Meghan Trainor is a mom first and a celebrity second, and she’s shutting down anyone who insinuates that she doesn’t protect her kids, even if they’re medical professionals. The “All About The Bass” singer recently sat down for an interview with Romper, and dished some seriously disturbing deets about her son’s birth: that nurses questioned her use of antidepressants during pregnancy and implied it was a factor in his NICU stay.
Oh, hell no.
In her final trimester nearing birth, the pop star discovered that her now 19-month-old son, Riley, was still in breach position, so she was scheduled for a C-section. This sudden change in birth plans prompted some unexpected challenges, as baby Riley had trouble waking up to feed and needed to be monitored.
“They kept asking me if I was on antidepressants during the pregnancy, and I was, but on the lowest dose possible, and all my doctors said it was safe and wouldn’t affect him,” Trainor told Gillian Telling from Romper. “It was really f—ed up. They had no name for what was wrong. He just wouldn’t wake up. They said, ‘It’s really up to Riley when he wants to wake up.’ I’d be like, ‘Really? Can’t you just zap him and get him up?’”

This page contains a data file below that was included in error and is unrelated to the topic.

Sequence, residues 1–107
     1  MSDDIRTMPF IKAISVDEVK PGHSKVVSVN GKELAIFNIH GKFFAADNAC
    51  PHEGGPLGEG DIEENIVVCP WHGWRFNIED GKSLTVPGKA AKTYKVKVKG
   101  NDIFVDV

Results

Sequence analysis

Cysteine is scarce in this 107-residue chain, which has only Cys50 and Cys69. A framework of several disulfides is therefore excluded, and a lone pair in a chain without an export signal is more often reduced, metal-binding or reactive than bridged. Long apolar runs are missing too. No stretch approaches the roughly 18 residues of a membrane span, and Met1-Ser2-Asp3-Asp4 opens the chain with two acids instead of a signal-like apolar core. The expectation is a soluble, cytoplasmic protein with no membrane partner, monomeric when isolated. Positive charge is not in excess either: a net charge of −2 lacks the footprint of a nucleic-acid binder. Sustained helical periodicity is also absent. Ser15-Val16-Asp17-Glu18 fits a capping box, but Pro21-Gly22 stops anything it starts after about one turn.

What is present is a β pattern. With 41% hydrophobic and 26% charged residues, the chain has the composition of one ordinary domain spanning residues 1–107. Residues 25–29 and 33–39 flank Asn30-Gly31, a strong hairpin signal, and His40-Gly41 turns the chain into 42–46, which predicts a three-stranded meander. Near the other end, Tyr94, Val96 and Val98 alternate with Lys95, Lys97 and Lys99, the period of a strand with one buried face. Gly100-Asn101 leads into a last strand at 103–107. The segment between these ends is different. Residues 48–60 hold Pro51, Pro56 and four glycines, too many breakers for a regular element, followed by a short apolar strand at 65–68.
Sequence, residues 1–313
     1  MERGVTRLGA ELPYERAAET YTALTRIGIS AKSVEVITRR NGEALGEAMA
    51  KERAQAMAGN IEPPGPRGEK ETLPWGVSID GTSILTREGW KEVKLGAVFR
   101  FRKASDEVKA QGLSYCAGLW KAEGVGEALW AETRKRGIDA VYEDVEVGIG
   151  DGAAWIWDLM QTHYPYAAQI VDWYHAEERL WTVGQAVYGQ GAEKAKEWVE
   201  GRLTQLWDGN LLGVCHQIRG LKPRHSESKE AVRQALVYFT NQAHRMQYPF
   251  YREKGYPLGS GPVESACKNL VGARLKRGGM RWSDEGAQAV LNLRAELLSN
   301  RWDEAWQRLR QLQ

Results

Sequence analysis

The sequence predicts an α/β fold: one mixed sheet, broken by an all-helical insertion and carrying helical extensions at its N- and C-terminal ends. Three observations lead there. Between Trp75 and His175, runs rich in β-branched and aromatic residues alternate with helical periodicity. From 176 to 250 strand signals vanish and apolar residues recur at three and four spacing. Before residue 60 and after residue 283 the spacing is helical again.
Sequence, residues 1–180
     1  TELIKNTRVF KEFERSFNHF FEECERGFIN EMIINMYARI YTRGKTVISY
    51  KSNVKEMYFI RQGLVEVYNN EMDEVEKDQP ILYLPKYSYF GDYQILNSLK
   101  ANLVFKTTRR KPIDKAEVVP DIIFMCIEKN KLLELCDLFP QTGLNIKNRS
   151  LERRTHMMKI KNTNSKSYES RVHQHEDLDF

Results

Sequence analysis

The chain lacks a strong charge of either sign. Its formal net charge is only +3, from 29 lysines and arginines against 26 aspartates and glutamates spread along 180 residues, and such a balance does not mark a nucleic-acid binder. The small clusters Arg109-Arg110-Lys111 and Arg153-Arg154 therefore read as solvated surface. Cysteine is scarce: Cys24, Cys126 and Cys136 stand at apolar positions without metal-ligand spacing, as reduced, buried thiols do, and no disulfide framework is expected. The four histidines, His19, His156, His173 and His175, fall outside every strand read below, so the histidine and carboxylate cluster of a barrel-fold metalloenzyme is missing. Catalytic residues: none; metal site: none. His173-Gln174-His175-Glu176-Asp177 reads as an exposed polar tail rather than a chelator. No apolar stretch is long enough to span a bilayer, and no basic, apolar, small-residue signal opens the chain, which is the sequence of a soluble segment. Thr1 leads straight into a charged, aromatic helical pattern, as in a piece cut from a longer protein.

Trainor and her Spy Kids hero husband, Daryl Sabara, were able to take Riley home after five days, and though he was healthy, they noticed he didn’t cry much at all the first month. “We kept being like, ‘Uh oh, what’s up with him? Is this what serial killers are like when they’re first born? They never cry?’”
He is not a serial killer; he’s obviously a child spy.
Daryl also shared his experience with negative parenting feedback, saying, “We got terrible advice when we got married. These older generations were like, ‘When you get married, your love life is over.’ And when she was pregnant they’d say, ‘When your child’s life begins, your life ends.’ We both agreed that that is bullsh-t. We never felt that way when we got married, and then with Riley, life has only gotten better.”
Trainor proudly shared the interview on her Instagram, captioning it, “We models. Thank you, @romper for another reason to dress up with my baby boy and get beautiful pics that I’ll cherish forever 💚.”
Popular opinion: Let’s stop shaming moms for addressing their mental health and doing what works for them. And that goes double for nursing professionals.